If you want to provide for your loved ones after you die, you need to choose an executor for your will. With this in mind, Prestige Tax and Trust Services asks; how many executors are required for a will?
Role of executors
We’d strongly suggest that you write a will before you pass away. This will allow you to ensure that your loved ones can inherit any assets held in your estate (property, money, shares etc.), according to your wishes. When you make a will, you’ll need to appoint someone to serve as its ‘executor.’
An executor is the person who’s responsible for administering your estate. Their duties can include sending tax returns to the government, paying any debts you owe from the estate and distributing assets to your beneficiaries. If you don’t write a will the courts will appoint an administrator for your estate, who performs basically the same role. You can’t choose an administrator, so it’s vital you make a will so you can appoint an executor to handle your estate before you pass away.
But how many executors are you required to appoint? One? Two? Five? Ten? Under UK law, there’s no minimum number of executors required in a will, but you can’t appoint more than four. While it’s permissible to name just one person, we’d suggest you include at least two executors in your will.
Primarily, this is because one of your chosen executors may die before you do. If you appoint more than one, the surviving executor(s) will still be able to administer your estate when you pass away. This also applies if one of your executors chooses to renounce their role. However, estates with many executors can take longer to administer, so take this into account.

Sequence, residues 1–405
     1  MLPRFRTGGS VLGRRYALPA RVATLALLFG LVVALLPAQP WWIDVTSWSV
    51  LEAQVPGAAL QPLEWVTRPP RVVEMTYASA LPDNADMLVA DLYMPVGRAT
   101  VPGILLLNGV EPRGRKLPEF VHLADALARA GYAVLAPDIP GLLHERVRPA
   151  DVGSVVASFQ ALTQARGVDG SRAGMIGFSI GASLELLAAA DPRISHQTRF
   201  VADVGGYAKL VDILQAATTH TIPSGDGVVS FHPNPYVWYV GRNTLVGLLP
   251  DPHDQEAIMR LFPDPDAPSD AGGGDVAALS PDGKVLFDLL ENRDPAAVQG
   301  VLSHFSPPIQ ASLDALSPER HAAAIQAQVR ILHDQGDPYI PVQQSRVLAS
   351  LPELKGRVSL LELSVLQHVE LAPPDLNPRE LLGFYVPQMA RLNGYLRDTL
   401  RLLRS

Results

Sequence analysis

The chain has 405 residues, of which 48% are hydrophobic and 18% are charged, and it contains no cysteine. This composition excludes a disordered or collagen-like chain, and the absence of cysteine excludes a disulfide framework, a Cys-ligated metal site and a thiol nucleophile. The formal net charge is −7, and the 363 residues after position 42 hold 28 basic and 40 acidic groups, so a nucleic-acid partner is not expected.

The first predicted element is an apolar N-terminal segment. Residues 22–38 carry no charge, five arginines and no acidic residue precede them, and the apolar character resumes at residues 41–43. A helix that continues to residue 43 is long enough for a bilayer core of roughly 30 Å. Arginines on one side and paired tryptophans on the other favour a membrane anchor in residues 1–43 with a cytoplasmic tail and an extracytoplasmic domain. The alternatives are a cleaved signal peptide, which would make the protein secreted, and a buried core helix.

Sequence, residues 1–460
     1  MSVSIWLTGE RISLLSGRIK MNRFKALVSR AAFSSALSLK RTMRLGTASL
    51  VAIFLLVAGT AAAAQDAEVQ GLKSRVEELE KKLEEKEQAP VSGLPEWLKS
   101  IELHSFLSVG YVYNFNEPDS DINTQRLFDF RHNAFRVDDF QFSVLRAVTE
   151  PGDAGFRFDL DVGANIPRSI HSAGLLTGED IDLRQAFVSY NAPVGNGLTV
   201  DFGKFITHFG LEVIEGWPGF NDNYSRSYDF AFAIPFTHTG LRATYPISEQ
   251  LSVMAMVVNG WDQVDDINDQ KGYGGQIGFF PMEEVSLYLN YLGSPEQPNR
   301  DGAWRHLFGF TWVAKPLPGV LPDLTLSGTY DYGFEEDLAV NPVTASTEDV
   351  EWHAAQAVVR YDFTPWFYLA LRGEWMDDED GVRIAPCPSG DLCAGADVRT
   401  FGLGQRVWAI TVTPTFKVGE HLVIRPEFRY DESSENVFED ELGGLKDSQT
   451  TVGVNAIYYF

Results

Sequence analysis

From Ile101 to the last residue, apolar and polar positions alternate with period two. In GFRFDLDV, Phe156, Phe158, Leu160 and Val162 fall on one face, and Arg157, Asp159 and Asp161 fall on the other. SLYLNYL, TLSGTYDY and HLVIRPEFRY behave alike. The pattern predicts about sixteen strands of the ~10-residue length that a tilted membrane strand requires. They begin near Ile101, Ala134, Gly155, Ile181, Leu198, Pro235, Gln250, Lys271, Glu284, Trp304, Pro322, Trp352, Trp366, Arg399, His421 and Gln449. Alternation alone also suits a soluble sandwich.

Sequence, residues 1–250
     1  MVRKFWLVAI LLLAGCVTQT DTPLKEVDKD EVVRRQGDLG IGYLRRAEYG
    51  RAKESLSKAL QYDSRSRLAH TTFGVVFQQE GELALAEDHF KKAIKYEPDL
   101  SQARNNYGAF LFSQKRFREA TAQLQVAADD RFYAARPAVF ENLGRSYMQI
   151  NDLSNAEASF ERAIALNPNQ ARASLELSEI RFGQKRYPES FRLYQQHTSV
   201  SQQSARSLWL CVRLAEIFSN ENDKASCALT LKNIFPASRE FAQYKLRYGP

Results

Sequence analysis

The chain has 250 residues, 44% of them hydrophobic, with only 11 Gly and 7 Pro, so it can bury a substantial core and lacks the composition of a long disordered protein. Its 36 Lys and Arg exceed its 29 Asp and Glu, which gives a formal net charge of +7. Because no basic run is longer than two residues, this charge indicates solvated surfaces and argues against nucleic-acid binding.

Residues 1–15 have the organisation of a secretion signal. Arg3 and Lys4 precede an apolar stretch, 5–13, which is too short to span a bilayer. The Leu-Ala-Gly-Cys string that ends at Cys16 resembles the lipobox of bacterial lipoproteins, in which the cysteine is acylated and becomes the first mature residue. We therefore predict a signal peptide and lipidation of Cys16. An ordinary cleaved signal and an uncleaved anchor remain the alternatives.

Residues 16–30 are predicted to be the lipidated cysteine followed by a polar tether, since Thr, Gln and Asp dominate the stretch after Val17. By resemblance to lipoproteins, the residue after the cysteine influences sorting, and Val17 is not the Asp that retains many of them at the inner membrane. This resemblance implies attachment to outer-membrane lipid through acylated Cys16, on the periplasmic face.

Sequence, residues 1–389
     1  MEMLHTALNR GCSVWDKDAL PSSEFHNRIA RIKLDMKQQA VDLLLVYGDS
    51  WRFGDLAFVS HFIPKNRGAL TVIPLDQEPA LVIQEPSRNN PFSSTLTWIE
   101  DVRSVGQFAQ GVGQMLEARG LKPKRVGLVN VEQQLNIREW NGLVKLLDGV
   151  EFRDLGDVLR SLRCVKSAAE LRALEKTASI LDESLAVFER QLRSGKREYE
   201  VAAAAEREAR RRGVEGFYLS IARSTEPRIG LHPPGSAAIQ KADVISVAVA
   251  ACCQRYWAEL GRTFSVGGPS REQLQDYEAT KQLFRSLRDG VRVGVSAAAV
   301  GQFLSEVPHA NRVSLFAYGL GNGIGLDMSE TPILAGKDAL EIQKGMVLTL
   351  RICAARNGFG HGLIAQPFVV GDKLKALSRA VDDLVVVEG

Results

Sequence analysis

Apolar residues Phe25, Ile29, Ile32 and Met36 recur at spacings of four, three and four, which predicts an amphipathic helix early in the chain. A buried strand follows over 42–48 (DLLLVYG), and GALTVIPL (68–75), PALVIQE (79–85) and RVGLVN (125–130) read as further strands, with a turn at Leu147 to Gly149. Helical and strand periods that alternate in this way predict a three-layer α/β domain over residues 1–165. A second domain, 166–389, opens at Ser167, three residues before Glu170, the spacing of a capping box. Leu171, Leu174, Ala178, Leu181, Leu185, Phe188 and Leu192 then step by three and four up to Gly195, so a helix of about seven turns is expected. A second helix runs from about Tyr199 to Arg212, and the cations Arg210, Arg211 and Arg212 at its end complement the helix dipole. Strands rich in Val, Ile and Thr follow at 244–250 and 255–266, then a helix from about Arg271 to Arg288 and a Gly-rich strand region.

No matter how many people you choose to serve this role, it’s vital that you think carefully about who should be the executor(s) of your estate. The role holds a lot of responsibility, so you need to pick executors that you trust to carry out your wishes, as set down by your will.
If you choose more than one executor, we’d strongly advise you to pick people who will be able to work together. Joint executors will need to be able to communicate with each other to avoid conflict, which would make it harder for them to fulfil their duties. Aside from this, choose executors who are honest, responsible, decisive and patient, to ensure you’ll be able to trust them to administer your will according to your wishes.
Prestige Tax and Trust Services
Writing a will can be a complex process, so you might want to let Prestige Tax and Trust Service help you out. Our wills team has the legal knowledge and experience necessary to help you write a will that ensures your loved ones are provided for once you pass away.